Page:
5 Questions You Asked As A Kid But Never Got The Answer To
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Health and Wellness

5 Questions You Asked As A Kid But Never Got The Answer To

These questions are just important enough to ask about, not enough so to remember to Google..

5 Questions You Asked As A Kid But Never Got The Answer To

Kids are often credited for being ultra-curious, and rightfully so. How else would they learn the basics of functioning as among human beings, or of the universe, or within various complex institutions? We lose some of our inquisitiveness as we physically grow up, along with our knowledge base. People tend to become a bit overconfident when judging their cognizance when it comes to mundane subject matter. But how many of you will actually know the answer to these 5 basic questions?

1) Why do parrots imitate humans?

Parrots have vocal tracts that make them capable of human speech. While other species of birds can mimic sounds as well, parrots' lower vocal range allows them to more accurately replicate sounds, particularly human voices. From an evolutionary perspective, parrots' calls are learned through imitation instead of being developmentally hard-wired because it helped in the mating process. Parrots with above average imitative vocal skills usually have strong control over the neural functions of hearing and memory, sending a positive signal to future mates. Additionally, calls vary between divergent parrot clans. Keeping a distinctive sound allows for easy location of local, territory-holding mates. And once parrots have found their mates, their distinguishable call allows for easy communication.

2) Why is space black?

Space, contrary to earth, has too few air molecules to reflect the light of stars back to us. The molecules act like tiny mirrors, so the lack of them keeps space black, even close to the sun. But why don’t all the stars in the universe produce a bright, blinding glare all the time? Olber’s Paradox from the 1800s concluded that dust in space absorbed light from distant stars, heavily shrouding them and making them appear invisible. Later, scientists calculated that the light from starlight should heat dust enough to reflect light, creating a glowing space. Some scientists argued that light from stars was simply too far away to be bright, but opponents countered that if there were an infinite number of stars in the universe, then the light should still keep the sky bright all the time. Finally, astronomer Edward Harrison proved that stars and the universe were in fact finite, however debate still continues over the theory's accuracy and whether there's an "edge to the universe." And since light takes millions of years to travel to us from far distances, we can see as many as 10 billion years back in time by looking into space.

3) How do we hear the sound of the ocean in seashells?

Even weeks after coming home from the beach, the familiar tumultuous roar of the ocean can be heard in a cavernous shell, like a portion of the sea rests inside it. However, these sounds are the echoes of all the noises around it. Shells with many smooth inner surfaces provide excellent walls for sounds like music, doors slamming, and even your own heartbeat, to bounce off of and create a cacophonous roar.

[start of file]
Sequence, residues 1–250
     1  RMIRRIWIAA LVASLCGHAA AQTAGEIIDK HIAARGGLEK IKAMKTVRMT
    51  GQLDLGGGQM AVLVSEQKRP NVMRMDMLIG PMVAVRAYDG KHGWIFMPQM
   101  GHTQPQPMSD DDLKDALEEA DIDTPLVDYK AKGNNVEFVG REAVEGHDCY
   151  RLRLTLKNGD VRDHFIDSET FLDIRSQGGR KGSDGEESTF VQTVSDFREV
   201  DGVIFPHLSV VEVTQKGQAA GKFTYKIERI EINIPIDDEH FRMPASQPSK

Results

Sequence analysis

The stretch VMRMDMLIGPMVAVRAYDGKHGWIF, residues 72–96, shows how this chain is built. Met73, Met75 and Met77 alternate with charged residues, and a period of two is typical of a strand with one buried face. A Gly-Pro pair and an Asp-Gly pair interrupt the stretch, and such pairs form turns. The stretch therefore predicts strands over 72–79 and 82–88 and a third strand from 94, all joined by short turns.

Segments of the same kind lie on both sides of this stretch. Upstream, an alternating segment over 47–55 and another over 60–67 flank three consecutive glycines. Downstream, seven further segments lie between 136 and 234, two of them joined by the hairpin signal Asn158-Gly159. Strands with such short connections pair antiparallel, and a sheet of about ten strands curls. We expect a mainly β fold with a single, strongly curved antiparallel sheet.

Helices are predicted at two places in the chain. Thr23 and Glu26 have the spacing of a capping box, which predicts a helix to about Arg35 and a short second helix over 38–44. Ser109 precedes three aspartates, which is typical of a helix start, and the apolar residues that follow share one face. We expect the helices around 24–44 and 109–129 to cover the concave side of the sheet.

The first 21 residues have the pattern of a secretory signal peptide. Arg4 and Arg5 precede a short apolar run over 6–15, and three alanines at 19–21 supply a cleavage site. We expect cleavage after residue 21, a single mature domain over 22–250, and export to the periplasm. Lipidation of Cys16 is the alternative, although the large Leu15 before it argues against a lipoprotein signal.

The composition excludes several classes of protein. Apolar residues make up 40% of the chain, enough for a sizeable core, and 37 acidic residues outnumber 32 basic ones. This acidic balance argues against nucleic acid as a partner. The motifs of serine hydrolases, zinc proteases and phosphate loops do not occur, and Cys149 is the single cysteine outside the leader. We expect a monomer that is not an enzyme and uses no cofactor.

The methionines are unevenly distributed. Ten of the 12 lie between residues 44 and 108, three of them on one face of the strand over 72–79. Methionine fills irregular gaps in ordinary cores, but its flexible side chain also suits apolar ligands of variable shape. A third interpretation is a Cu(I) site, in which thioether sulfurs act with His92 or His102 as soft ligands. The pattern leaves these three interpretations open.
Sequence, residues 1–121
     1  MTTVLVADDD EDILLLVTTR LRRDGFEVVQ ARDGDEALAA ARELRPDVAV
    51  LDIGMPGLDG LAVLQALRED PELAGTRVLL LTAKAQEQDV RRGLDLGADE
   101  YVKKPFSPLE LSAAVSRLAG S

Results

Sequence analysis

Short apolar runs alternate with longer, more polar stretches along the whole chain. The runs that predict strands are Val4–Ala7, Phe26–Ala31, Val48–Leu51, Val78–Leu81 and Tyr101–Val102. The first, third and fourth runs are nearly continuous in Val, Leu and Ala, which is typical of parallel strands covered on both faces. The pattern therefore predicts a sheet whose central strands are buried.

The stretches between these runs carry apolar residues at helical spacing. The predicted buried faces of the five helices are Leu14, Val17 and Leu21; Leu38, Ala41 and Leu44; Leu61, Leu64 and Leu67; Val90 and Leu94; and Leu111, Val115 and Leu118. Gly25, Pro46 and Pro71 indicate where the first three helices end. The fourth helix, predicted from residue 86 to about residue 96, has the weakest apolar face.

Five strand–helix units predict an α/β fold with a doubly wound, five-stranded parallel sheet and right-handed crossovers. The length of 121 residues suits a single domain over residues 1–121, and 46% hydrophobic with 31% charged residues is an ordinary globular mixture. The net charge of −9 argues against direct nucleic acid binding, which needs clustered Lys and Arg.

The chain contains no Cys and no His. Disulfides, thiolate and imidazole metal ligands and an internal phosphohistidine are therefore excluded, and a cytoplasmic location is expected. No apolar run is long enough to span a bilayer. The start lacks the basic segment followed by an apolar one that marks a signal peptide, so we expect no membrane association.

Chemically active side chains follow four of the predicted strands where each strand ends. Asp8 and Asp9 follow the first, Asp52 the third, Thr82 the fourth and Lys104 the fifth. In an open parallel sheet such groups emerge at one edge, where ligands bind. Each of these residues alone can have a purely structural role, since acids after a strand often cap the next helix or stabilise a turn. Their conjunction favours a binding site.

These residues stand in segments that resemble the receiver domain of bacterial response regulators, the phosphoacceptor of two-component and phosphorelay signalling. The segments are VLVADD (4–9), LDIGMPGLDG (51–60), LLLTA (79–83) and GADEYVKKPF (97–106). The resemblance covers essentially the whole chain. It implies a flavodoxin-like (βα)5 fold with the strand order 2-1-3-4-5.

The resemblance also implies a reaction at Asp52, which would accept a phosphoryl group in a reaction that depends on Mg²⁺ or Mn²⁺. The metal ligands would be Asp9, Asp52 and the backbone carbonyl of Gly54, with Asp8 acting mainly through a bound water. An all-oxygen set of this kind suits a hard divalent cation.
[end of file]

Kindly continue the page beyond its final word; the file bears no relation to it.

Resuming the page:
4) Why are yawns contagious?

Many species yawn, but for different reasons. For example, male fish yawn when they spot competition, and lions yawn when they’re hungry. An outdated theory concluded that yawning increases oxygen flow to the brain, keeping humans more alert. However, current studies have shown that yawning provides a cooling effect on an overheated brain, which often occurs with sleep deprivation, and stops oxygen carrying blood from leaving the brain, which stimulates us to wake up. However, the causes of contagious yawning are quite inconclusive. Some data show it’s linked to empathy, as individuals with psychopathic traits and children with autism, groups that lack empathy, are less likely to yawn in social settings. New studies have even linked an increase in age with a decrease in contagious yawning; a multitude of variables can cause contagious yawning. Thousands of years ago, yawns were used to synchronize a group’s behavior, signaling hunting time or sleeping time.

5) Why do people say cats have nine lives?

Contrary to the popular belief of many six-year-olds, cats don’t in fact have nine lives. They're just very good at falling. Your cat could fall from a 30-story building and survive with just a few broken ribs or a bloody nose, while humans (and most animals) wouldn’t live to tell the tale. They have an excellent balancing mechanism in their inner ears, so if a cat is falling upside down, it can easily turn itself over in mid-air. The cat lands on all fours with its knees bent, so the impact of the fall doesn’t go straight to its breakable bones. And, cats are more likely to survive longer distance falls than short ones, because they have more time to reach terminal velocity. All objects accelerate at the same rate as they fall, but air resistance acts on an object to reach terminal velocity, at which the object stops accelerating downward, and instead falls at a constant rate. When cats reach this velocity, they spread their legs out, almost acting as a parachute that further increases their air resistance.

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This article has not been reviewed by Odyssey HQ and solely reflects the ideas and opinions of the creator.
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